This is in connection to the BlogHop prompt for this week: What have people said that has gotten under your skin about something that relates to your connection with disability – and what do you want them to say instead?
I was 11 years old in Healdsburg, California. On the swings next to a boy named Blue (who I had a huge crush on). I was waiting for my guardian to pick me up from school, he was also waiting for his ride. My leg was in a long cast, having broken it a month previously. My thick, coke bottle glasses with their classically 80’s frames (clear, swooping, you know the kind I’m talking about) framed my big eyes. My medically-beige hearing aids encapsulated both of my ears. My hair hung limply over my facial scars.
Blue said something. My heart beat faster – he talked to me! he said something to me! – I couldn’t hear him and so I asked “hmm? what did you say?”
He rocked a little on the swing. Hands clasping the chain links. “I said, you can’t hear, you can’t see and you can’t even walk now. What can you do? I mean, everything is so wrong with you.”
My parents had sent me away from Fiji (where they were, along with my brother). That heart hurt along with the liberal lacing of pubescent angst and disability-related insecurities wove a neat little arrow that Blue shot rather deftly into my young heart.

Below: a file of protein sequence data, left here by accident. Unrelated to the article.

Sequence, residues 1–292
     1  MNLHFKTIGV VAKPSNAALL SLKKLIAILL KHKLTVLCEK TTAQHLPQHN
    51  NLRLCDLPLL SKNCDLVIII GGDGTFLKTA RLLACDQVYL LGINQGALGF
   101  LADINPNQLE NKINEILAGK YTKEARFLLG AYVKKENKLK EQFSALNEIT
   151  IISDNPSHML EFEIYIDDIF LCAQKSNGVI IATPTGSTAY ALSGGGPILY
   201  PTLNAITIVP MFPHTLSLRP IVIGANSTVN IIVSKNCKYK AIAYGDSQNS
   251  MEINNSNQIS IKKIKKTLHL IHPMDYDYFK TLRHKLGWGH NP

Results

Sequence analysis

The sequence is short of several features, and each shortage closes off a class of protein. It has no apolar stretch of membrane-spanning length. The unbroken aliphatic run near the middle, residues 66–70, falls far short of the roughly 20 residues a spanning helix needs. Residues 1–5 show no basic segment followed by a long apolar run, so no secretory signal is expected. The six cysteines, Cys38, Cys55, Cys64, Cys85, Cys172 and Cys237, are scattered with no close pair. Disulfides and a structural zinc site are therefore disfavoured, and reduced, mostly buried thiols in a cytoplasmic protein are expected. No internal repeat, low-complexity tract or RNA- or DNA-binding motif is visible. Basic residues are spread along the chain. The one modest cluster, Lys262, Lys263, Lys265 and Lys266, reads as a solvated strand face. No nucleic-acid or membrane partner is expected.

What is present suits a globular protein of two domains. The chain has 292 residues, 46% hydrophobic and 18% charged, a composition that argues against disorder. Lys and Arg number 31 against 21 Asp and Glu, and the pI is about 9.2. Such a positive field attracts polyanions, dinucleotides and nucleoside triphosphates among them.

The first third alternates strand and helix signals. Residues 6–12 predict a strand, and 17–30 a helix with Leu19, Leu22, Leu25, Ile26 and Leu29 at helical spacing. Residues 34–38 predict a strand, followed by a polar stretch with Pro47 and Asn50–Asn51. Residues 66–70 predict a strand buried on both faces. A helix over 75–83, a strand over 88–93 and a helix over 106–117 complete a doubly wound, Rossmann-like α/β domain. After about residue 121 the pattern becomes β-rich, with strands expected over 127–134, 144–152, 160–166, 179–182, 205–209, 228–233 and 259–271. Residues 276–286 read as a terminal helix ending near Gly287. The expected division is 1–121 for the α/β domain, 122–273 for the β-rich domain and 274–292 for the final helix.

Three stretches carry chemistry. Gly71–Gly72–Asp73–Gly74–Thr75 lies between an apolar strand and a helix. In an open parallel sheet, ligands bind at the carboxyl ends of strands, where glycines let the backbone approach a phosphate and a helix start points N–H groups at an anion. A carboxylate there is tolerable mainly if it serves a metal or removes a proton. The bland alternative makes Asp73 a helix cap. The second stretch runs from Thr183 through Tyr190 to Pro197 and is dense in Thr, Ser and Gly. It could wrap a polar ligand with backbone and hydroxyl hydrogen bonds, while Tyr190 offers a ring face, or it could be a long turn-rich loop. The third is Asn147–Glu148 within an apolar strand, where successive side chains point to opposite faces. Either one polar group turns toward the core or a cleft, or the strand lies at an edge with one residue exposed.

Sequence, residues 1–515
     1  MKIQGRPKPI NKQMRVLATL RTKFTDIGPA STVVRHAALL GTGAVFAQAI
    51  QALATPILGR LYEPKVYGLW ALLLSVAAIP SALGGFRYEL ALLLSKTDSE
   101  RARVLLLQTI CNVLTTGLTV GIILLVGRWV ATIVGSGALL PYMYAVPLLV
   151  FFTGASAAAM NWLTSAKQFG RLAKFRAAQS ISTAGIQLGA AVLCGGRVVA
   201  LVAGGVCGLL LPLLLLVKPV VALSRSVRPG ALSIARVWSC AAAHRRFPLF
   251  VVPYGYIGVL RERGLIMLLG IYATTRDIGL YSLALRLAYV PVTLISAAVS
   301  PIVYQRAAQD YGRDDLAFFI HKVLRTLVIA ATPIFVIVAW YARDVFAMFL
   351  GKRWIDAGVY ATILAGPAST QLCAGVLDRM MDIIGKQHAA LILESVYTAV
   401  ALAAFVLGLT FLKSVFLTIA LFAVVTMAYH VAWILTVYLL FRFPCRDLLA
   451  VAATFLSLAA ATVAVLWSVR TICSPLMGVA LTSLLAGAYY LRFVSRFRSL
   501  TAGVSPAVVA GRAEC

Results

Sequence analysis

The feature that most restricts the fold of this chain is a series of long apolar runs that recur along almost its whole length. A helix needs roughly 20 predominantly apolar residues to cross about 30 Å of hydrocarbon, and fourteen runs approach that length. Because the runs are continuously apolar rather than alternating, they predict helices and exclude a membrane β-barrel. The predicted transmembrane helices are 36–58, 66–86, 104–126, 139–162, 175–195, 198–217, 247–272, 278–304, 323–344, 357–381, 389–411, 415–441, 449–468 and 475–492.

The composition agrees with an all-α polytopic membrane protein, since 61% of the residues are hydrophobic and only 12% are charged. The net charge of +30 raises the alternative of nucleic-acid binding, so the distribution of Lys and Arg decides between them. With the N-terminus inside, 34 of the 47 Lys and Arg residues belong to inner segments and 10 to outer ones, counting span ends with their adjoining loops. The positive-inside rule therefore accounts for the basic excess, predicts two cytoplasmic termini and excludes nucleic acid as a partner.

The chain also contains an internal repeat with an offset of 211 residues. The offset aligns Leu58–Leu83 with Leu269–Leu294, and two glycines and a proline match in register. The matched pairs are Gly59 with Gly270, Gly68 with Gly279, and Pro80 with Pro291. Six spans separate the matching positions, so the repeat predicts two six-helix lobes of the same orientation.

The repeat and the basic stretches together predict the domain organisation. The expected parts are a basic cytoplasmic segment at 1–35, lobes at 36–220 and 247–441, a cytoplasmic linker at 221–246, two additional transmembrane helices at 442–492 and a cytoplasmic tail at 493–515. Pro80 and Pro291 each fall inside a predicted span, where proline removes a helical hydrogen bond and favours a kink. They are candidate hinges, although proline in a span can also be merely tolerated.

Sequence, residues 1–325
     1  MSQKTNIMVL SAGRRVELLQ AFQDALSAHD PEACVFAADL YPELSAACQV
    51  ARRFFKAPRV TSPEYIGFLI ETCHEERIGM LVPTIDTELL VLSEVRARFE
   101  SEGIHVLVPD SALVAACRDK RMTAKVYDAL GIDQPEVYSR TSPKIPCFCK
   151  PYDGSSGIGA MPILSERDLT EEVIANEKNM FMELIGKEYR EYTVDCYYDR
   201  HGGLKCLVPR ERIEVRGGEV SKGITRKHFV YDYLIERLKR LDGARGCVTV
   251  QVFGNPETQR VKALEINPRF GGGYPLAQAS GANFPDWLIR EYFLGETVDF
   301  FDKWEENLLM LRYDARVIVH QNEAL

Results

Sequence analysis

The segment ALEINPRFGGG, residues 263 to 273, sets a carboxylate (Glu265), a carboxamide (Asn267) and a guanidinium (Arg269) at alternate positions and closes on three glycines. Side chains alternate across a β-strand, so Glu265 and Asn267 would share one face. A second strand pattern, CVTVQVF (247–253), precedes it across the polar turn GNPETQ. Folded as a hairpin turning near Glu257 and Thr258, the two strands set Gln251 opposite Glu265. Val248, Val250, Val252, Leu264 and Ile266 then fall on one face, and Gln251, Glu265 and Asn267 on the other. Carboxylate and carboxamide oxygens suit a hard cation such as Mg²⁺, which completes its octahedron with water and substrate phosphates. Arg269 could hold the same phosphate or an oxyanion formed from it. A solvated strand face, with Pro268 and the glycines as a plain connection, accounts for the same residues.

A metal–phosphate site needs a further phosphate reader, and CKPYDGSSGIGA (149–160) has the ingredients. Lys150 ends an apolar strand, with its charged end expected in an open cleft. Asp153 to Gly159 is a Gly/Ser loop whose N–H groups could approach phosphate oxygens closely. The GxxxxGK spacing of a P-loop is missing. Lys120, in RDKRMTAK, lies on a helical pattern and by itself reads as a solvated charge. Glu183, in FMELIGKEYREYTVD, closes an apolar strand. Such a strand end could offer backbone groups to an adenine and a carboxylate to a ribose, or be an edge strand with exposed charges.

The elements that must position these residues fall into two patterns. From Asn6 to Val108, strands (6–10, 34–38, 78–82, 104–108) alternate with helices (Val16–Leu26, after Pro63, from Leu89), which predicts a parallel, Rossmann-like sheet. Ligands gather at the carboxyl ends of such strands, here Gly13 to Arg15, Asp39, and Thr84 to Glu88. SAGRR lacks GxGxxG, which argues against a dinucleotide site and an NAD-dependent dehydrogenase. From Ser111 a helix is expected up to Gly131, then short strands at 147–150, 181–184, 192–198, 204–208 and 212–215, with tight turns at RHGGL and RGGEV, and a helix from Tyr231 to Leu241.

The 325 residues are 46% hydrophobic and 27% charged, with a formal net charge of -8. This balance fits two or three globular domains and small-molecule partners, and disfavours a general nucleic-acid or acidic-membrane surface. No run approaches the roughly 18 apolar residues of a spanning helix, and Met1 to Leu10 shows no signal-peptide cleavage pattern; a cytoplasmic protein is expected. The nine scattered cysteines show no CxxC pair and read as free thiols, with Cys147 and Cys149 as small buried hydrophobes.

What could I do? I mean really. When everything was so wrong with me?
Something being “wrong” with me haunted me for years. And years. I suppose that is the answer to the question – I wish that people wouldn’t think there is something wrong with disability. That it’s something to fix. That we are broken bits of human flesh or something.
I’d rather instead that disability was viewed as a chance to see the world from a unique perspective. Not “unique” in that horrifically condescending “special” kind of unique, but “unique” in the utterly glorious way that all humans are capable of offering.
Rather than seeing me as a tall, awkward freckle-faced girl who is a hair away from being legally blind, who is deaf with facial scars and brain injury (and a broken leg!), I wish Blue had just kept his hands on the links of his swing, swung in peace, swung in silence and simply remembered that I got that broken leg while beating him at broad-jumping.
Onto the BlogHop:
Please add your link to the post you’d like to share: either for the optional prompt, of the photo-to-riff or of another topic or past post you liked.
It’s all good and welcome, so long as it relates to disability/special needs.
Meriah Nichols is a counselor. Solo mom to 3 (one with Down syndrome, one on the spectrum). Deaf, and neurodiverse herself, she’s a gardening nerd who loves cats, Star Trek, and takes her coffee hot and black.